Excerpt from the book "Your Performing Edge"
By: JoAnn Dahlkoetter Ph.D.
I'm Dr. JoAnn Dahlkoetter, winner of the SAN FRANCISCO MARATHON, regular writer for RUNNER'S WORLD and RUNNING TIMES, best-selling author of YOUR PERFORMING EDGE, Foreword by BILL RODGERS and JOAN BENOIT SAMUELSON, and one of the nation's top sports psychologists.
Since I'm a long-distance trail runner as well, I would like to offer you my TOP 10 TRAINING TIPS (free of charge) for your website for runners getting ready for your events (See tips below). I have specific tools and tips that runners can use 3 weeks before, 2 days before, the night before, and the morning of the race.
Now that your event is just around the corner, runners of all ability levels are hungry for the latest information on mind-body performance. MOTIVATION, POSITIVE ATTITUDE, and SELF-CONFIDENCE are vital topics for nervous runners who have done the physical training and now want to put it all together on race day.
I thought I might help by offering you some key training tips (MY CONDENSED VERSION) that could be added easily to your website - the most essential tools for runners to do their best on race day (provided below).
Top 10 Tips
JOANN DAHLKOETTER, PH.D, best-selling author of YOUR PERFORMING EDGE, medical staff member at STANFORD UNIVERSITY MEDICAL CENTER, is an internationally recognized performance Consultant and WORLD-CLASS ATHLETE. Past winner of the SAN FRANCISCO MARATHON and 2nd in the HAWAII IRONMAN TRIATHLON, Dr. Dahlkoetter has appeared on ABC's WIDE WORLD OF SPORTS, was featured SPORTS ILLUSTRATED. She was recently an expert guest on over 100 NATIONAL TV and RADIO SHOWS in conjunction with the OLYMPICS, and contributes to TRIATHLETE and RUNNING TIMES. Her work with OLYMPIC and professional athletes and top business executives gives her
special insight into using the mind-body connection to achieve the best in personal performance.
- Mindfulness: Practice being in the present moment. Remind yourself to stay in the here and now. Let past and future events fade into the background.
- Power Imagery: Visualization is not something you do only in the quiet of your bedroom. Use your mental images throughout the workout to create feelings of speed and power. (e.g., When you come to an unexpected hill visualize a magnet pulling you effortlessly to the top).
- Positive Attitude: Use everything in the workout to your advantage. For example, if another athlete passes you, tuck in behind and go with his or her energy for as long as possible. You may catch a "second wind" and be carried on to a new personal record.
- Short-term goals: Focus on your immediate target. Break your training down into small, manageable pieces and begin to focus only on the first portion, not the entire workout (e.g., Say to yourself: "I'm just relaxing and getting my rhythm during the first mile").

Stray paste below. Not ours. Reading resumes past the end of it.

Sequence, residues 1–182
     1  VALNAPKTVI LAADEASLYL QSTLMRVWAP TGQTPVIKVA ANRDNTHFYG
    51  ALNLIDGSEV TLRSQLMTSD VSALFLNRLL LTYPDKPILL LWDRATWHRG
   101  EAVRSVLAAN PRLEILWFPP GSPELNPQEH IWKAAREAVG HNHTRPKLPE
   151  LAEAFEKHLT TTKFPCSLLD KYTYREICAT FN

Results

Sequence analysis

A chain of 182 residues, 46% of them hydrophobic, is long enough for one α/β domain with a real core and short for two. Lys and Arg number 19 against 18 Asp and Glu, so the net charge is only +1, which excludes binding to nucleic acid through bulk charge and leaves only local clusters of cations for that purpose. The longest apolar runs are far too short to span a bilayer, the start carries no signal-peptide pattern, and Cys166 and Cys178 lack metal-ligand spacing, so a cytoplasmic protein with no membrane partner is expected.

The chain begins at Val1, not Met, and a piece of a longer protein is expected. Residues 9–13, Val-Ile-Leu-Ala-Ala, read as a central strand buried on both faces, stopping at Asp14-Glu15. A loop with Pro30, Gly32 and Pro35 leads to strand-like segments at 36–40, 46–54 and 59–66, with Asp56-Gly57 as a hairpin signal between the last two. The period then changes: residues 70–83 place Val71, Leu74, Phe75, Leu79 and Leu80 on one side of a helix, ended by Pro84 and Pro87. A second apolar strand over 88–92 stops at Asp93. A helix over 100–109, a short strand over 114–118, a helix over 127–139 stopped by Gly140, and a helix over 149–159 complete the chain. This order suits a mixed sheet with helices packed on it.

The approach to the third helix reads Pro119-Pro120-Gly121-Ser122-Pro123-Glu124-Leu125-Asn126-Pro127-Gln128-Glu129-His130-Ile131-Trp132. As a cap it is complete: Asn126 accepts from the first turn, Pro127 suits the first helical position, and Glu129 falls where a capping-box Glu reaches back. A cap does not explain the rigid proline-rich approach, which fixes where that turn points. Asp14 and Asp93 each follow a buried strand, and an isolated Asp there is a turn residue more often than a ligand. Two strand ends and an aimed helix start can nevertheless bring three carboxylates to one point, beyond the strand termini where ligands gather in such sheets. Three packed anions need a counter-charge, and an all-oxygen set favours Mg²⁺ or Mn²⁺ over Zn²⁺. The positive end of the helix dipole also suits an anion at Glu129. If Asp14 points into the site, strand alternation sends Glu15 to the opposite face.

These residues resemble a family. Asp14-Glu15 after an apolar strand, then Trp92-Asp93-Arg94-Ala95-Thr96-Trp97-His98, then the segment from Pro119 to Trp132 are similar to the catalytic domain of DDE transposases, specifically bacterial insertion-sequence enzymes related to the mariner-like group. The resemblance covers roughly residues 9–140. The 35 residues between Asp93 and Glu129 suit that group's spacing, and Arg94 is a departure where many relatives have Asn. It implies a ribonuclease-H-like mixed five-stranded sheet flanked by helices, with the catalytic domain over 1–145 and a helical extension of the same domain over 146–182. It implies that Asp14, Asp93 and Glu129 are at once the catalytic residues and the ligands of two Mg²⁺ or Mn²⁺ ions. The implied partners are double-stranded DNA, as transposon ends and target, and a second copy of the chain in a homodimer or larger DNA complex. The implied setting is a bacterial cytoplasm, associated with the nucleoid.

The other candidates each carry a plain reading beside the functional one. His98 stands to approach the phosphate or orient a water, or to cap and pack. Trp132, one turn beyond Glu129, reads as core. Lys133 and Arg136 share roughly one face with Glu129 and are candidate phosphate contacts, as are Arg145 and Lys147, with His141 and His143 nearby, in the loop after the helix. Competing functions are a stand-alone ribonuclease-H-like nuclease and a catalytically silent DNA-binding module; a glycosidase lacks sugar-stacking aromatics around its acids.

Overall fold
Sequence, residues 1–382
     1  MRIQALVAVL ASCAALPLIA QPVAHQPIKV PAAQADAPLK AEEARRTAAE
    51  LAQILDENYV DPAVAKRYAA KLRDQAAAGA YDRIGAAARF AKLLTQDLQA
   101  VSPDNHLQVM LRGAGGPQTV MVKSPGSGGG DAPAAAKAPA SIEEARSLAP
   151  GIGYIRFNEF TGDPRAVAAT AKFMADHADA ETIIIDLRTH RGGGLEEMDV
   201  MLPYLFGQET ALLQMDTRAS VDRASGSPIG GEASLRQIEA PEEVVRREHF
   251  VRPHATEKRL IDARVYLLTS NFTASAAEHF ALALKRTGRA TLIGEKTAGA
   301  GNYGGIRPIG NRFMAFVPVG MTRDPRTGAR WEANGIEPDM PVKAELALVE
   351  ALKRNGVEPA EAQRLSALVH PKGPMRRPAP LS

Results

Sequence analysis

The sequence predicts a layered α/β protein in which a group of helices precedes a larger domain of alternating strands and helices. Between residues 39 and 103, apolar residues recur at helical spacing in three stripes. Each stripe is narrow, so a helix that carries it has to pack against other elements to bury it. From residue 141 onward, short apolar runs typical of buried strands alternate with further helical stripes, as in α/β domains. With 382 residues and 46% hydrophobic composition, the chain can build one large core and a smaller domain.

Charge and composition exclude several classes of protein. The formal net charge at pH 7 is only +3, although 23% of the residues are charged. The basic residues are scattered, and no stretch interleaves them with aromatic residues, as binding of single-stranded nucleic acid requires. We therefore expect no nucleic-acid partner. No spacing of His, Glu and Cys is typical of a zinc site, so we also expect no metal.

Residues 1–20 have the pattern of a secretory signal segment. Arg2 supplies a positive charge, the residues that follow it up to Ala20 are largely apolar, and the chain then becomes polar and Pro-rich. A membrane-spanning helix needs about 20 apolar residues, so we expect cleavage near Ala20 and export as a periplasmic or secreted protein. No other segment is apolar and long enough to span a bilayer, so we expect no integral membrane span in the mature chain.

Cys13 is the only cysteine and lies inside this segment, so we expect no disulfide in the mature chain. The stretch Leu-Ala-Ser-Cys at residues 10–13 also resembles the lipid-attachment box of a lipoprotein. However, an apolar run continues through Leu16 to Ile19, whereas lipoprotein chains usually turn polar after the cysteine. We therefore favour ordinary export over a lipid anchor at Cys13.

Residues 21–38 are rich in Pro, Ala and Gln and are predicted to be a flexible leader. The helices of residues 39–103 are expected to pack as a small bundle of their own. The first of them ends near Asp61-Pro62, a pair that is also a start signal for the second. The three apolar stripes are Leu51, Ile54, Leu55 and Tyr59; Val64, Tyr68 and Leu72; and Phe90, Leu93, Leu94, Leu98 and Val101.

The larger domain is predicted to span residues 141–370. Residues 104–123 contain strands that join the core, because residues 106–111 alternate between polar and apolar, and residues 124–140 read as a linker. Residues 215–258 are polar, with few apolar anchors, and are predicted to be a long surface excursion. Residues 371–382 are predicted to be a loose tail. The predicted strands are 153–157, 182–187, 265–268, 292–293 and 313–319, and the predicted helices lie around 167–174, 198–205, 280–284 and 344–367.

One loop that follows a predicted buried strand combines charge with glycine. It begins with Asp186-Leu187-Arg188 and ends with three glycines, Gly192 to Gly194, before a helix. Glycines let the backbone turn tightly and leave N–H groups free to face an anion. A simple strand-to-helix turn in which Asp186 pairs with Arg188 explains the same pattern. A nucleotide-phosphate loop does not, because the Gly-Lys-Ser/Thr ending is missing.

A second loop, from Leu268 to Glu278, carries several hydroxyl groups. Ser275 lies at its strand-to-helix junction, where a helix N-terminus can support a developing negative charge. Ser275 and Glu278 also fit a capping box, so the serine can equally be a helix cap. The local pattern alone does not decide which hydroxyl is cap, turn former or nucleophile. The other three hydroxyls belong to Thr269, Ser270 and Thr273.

- Association: Pay close attention to your tension level and training form. Do a body scan while working out and relax your tight muscles frequently. Ask yourself: "Are my shoulders and neck relaxed; how does this pace feel; how much energy is left in my legs?"
- Pain Management: If you have "good pain" that is not seriously damaging your body, just shift attention to your breathing or cadence of movement, and let the discomfort fade into the background. You can also use the pain as feedback. Register it not as pain but as effort level. Say: "Now I know exactly how hard I'm working. I know how this pace feels. My body is doing what it should be doing."
- Process not Outcome: Look only at what you need to do right now (e.g., pace, breathing, concentration); your final time, place, or score will take care of itself.
- Focused Attention: Be aware of distractions. Breathe out unwanted thoughts with your next exhale and re-focus your attention instantly on what is important.
- Affirmations: Make positive self-statements continually. Negative thinking is quite common; everyone has an inner critic. Become aware of these thoughts early on. Don't fight with them; simply acknowledge their presence, and then substitute a positive affirmation. (e.g., When you're thinking: "This hurts too much, I want to lie down and die"; say to
yourself: "This feeling is connected with going faster and doing my absolute best").
- Enjoyment: Celebrate your fitness and strength. When the competition arrives, let your body do what you've trained it to do. Remember that your goals are realistic. All you need to do is perform up to your capabilities.
For your FREE NEWSLETTER with valuable TRAINING TIPS and articles, and autographed book, visit http://www.YourPerformingEdge.com. Dr. Dahlkoetter provides coaching by phone for optimal mind-body performance. Email: joann@YourPerformingEdge.com or call 650-654-5500.
JoAnn Dahlkoetter, Ph.D.
3341 Brittan Ave., Suite #10
San Carlos, CA 94070-3435